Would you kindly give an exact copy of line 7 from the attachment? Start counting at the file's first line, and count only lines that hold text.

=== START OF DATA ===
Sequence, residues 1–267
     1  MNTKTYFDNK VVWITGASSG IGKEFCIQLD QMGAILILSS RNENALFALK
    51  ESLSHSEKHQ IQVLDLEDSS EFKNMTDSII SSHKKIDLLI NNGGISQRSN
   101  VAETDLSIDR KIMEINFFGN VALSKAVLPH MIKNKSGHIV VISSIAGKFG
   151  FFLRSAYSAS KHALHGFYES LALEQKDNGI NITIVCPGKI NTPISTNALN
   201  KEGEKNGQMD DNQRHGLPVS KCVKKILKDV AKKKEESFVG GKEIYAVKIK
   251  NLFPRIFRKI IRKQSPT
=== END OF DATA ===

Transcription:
   251  NLFPRIFRKI IRKQSPT